Local stances on marriage

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SHOULD PARISI ISSUE LICENSES?

Poll ended at Fri Apr 02, 2004 2:29 pm

Yes. He thinks its so fair, he should walk the walk. The Midwest should get in on this!
17
65%
No, the law is the law (except equal protection clauses which remain to be fully interpreted).
3
12%
No, he knows that gays using questionable licenses would not be a potent way for them to fight.
6
23%
 
Total votes: 26

ShaneDog
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Postby ShaneDog » Wed Mar 03, 2004 4:10 pm

Daisy wrote:
ShaneDog wrote:True, and if they could demonstrate how they are being harmed by not having a display of the 10 commandments I would agree with their needing to do civil disobediance to keep them there. I doubt they would be able to convince anyone that they are being harmed by temporarily not having the 10 commandments displayed. In this case, people are actually being harmed in a demonstrable, concrete way, by not being allowed to marry.
Although I happen to agree with one and not the other, I submit that the 2 groups probably perceive being "harmed" in roughly the same way. One group is denied public recognition of personal commitment, the other is denied public recognition of spiritual commitment.

The thing is - the harms I'm talking about have nothing to do with public recognition. I'm talking about the legal protections of marriage, ie. not being able to make medical decisions for a partner, not having health insurance, not being able to legally be a parent...etc. Those are concrete harms that make the situation different.

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Postby FaeryGurl » Wed Mar 03, 2004 4:13 pm

Daisy wrote:
FaeryGurl wrote:Then it is the responsibility of the rest of us to get off of our butts and throw our support in on the "right" side of the moral issue in order to change the wrong laws(discriminatory marriage laws) and protect the right ones (separation of church and state).
Sorry...I didn't get the memo stating that we liberals are now moral absolutists.

I was still operating under the OLD construct that - on many questions - different people subscribe to different notions of what's "right" and "wrong."

I'll update my files post-haste.


All right smartass, you wanna fight? :lol:

Don't pretend for a second that you don't believe that the opinions you hold on those mentioned, and most other controversial issues is the right opinion.

People fight for what they believe is right and against what they believe is wrong... that was my point.

And people, be they elected officials or not, need to fight about these issues in public forums, and we should feel a responsibility to change those laws that we think are wrong, even if not everyone agrees with us.

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Postby Daisy » Wed Mar 03, 2004 4:14 pm

ShaneDog wrote:The thing is - the harms I'm talking about have nothing to do with public recognition. I'm talking about the legal protections of marriage, ie. not being able to make medical decisions for a partner, not having health insurance, not being able to legally be a parent...etc. Those are concrete harms that make the situation different.
Agreed, but they don't neccessitate the institution (or label) or marriage to be addressed. Domestic partnerships/civil unions get you the same thing.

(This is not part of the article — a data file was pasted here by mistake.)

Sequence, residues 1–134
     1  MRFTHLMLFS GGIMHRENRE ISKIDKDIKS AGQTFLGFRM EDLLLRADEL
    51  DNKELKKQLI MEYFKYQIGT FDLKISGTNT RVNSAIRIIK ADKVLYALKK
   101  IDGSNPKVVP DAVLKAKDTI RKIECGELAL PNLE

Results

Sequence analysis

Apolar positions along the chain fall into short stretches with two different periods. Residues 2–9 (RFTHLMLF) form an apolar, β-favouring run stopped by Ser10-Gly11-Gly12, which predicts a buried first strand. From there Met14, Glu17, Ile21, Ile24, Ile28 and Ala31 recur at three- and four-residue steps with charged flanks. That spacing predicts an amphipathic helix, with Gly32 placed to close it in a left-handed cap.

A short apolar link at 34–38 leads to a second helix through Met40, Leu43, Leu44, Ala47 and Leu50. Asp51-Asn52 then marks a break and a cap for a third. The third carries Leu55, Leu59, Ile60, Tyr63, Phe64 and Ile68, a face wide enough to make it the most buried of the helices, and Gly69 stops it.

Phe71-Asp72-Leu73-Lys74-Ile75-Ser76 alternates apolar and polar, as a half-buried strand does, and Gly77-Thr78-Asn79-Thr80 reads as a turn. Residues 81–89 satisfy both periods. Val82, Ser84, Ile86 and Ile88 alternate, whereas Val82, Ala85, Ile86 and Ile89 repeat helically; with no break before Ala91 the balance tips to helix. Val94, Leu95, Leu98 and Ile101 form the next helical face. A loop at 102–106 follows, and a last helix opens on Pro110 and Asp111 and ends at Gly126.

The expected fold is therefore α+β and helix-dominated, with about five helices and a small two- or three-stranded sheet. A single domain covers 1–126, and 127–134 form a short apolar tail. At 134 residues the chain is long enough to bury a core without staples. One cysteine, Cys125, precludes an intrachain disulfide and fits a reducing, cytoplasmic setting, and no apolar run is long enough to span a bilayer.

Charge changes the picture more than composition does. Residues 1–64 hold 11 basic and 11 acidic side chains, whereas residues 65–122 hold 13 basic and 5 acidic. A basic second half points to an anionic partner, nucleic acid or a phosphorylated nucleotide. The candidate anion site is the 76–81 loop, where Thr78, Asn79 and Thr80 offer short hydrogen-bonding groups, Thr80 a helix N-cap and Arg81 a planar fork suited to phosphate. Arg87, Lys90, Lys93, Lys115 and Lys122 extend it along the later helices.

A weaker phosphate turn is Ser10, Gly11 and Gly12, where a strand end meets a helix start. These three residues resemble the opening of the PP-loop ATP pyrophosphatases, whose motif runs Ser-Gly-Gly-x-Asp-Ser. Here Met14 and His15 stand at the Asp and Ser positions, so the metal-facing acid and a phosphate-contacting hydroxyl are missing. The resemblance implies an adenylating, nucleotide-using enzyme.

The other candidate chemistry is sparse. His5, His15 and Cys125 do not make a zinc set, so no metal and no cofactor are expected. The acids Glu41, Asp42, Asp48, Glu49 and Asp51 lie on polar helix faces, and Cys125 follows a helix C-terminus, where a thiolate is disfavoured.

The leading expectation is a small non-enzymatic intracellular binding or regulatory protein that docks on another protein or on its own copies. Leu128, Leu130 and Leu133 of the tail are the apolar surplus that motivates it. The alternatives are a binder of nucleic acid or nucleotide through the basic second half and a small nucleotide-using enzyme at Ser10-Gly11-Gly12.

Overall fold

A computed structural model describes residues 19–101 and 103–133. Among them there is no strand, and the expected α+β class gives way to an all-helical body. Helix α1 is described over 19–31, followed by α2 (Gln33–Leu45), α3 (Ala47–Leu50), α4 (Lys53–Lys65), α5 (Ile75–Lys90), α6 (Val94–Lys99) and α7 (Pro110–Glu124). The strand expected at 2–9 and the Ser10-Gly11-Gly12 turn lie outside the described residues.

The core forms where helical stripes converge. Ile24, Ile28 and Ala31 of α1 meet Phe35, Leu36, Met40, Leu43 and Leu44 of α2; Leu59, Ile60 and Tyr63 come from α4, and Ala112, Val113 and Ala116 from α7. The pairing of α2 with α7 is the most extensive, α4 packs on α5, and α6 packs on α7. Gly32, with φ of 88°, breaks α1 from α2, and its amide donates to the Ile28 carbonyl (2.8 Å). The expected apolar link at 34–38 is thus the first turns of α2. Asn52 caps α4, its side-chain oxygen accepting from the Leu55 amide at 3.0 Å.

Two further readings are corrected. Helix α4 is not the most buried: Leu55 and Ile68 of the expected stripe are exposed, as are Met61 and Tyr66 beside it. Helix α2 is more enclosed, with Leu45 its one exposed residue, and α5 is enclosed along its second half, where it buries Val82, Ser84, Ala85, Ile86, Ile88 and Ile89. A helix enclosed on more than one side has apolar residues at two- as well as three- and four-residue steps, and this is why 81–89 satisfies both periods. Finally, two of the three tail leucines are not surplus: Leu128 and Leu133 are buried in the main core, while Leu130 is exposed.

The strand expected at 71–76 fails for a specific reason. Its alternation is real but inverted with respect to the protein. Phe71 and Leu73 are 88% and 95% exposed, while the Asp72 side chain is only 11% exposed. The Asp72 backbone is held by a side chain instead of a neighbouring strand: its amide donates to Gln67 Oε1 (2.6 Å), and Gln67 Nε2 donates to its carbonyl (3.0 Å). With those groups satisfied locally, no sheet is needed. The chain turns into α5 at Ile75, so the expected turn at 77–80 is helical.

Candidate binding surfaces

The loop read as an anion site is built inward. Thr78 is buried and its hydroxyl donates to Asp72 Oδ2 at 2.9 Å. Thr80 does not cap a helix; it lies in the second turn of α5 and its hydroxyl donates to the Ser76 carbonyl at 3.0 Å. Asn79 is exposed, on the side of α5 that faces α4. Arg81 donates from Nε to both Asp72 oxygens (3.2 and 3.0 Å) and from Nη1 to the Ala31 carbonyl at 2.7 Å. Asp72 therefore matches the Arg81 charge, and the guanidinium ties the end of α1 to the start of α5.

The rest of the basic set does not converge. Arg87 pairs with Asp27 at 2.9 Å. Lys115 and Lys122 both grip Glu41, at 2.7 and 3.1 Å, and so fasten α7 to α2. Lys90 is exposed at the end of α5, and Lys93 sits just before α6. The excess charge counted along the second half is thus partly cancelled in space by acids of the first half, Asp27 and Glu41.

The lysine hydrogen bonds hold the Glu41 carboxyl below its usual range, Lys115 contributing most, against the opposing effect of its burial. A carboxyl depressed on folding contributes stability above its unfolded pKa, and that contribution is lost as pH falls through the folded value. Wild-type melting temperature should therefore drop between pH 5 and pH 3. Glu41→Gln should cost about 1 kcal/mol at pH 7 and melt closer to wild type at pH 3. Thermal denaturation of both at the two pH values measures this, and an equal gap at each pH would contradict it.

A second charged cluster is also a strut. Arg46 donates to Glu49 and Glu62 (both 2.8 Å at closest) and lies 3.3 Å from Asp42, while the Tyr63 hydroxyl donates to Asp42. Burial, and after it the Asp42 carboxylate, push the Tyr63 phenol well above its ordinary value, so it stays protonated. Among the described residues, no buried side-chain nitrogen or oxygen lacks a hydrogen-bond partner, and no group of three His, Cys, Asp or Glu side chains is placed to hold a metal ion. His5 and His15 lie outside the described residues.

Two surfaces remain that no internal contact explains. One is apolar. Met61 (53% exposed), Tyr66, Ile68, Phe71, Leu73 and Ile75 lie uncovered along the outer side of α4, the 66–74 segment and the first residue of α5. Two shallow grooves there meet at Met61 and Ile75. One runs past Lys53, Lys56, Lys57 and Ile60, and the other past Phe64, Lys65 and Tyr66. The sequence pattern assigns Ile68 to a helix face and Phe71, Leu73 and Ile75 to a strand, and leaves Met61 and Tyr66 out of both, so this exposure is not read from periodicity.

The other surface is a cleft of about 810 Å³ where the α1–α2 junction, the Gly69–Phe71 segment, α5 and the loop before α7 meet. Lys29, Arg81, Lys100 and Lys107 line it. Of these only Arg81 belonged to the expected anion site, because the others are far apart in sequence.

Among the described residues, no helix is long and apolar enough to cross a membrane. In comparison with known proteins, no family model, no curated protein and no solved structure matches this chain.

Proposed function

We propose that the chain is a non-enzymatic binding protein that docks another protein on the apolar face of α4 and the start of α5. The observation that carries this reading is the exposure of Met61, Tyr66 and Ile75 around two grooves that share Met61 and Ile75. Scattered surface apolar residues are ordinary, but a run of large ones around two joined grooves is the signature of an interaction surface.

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Postby FinsburyPark » Wed Mar 03, 2004 4:43 pm

Daisy wrote:
ShaneDog wrote:The thing is - the harms I'm talking about have nothing to do with public recognition. I'm talking about the legal protections of marriage, ie. not being able to make medical decisions for a partner, not having health insurance, not being able to legally be a parent...etc. Those are concrete harms that make the situation different.
Agreed, but they don't neccessitate the institution (or label) or marriage to be addressed. Domestic partnerships/civil unions get you the same thing.


That's not entirely true...while some DP benefits go a long way, and some civil union legislative mandates go even farther, there are many benefits (those given mainly by the federal government) that still aren't recognized. This is why DOMA (the Fed. Bill) was so harmful.

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Postby Daisy » Wed Mar 03, 2004 4:48 pm

FinsburyPark wrote:That's not entirely true...while some DP benefits go a long way, and some civil union legislative mandates go even farther, there are many benefits (those given mainly by the federal government) that still aren't recognized. This is why DOMA (the Fed. Bill) was so harmful.
Please clue me in (seriously). I was operating under the (apprently erroneous) assumption that DP/CU were basically all of the legal/practical benefits of marriage, with a different semantic label. What are some of the other differences?

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Postby wee beastie » Wed Mar 03, 2004 5:19 pm

Aphrodite wrote:There's a difference between "breaking laws you happen to not like" and taking a stance when others are having their constitutional rights violated. In this case, I think elected officials have a moral imperative towards civil disobedience.


I think aphro is beginning to get at the solution to this issue of whether it is proper for "elected officials" to break the law through civil disobedience.
We have to ask:
1) what type of "elected official"? All? Local, state, federal?
2) what type of law? ordinance? statute? federal? international treaty? civil? criminal?